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Baillieres Clin Haematol. 1995 Sep;8(3):657-78.

Neurological complications of acquired cobalamin deficiency: clinical aspects.

Author information

1
Department of Haematology, Royal Postgraduate Medical School, Hammersmith Hospital, London, UK.

Abstract

Neuropsychiatric syndromes occur in about 40% of Cbl-deficient patients and are characterized by progressive and variable damage to the spinal cord, peripheral nerves and cerebrum. The first abnormality is usually sensory impairment, most often presenting as distal and symmetrical paraesthesiae of the lower limbs and frequently associated with ataxia. Almost all patients demonstrate loss of vibratory sensation, often in association with diminished proprioception and cutaneous sensation and a Romberg sign. Corticospinal tract involvement is common in more advanced cases, with abnormal reflexes, motor impairment and, ultimately, spastic paraparesis. A minority of patients exhibit mental or psychiatric disturbances or autonomic signs, but these rarely if ever occur in the absence of other neurological changes. Because N2O inactivates Cbl, abuse of the gas may lead to typical Cbl neuropathy. Haematological changes are minimal and serum Cbl levels and Schilling tests normal in most patients. The severity of neurological abnormalities prior to treatment correlates with the duration of symptoms and the haemoglobin level. Initial severity, symptom duration and initial haemoglobin also correlate with residual neurological damage after Cbl therapy. The inverse correlation between severity of anaemia and neurological damage is not understood. Diagnosis of Cbl neuropathy can usually be made in the presence of the typical neuropsychiatric abnormalities, a low serum Cbl level and evidence of megaloblastic haemopoiesis. In some patients serum MMA and HCYS determinations or a therapeutic trial may be required. A neurological response usually occurs within the first 3 months, although further improvement may occur with time. Patients with advanced disease may be left with major residual disability. Therefore early diagnosis is critical. Pharmacological doses of folic acid reverse the haematological abnormalities of Cbl deficiency. This may allow neuropathy to develop or progress and make recognition of deficiency more difficult. There is no clear evidence that folic acid therapy precipitates or exacerbates Cbl neuropathy. Haematological improvement may occur in a fraction of patients receiving small doses of folate, but the data are inadequate to predict the danger of low levels of folate supplementation in the general population.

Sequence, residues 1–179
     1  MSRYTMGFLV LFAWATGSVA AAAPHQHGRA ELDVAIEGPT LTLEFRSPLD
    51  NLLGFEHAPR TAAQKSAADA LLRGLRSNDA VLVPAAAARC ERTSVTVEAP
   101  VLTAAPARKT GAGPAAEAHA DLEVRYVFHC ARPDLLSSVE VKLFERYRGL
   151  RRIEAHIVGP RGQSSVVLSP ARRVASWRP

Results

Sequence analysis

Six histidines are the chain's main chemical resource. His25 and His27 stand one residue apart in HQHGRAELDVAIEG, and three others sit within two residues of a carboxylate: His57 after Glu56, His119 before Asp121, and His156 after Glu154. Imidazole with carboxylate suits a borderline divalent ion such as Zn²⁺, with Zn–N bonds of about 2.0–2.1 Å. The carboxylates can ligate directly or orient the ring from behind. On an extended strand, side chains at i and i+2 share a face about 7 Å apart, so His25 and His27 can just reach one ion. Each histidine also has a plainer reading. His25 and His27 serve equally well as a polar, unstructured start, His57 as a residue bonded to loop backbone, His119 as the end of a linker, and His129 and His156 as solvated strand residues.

PMID:
8534966
[Indexed for MEDLINE]

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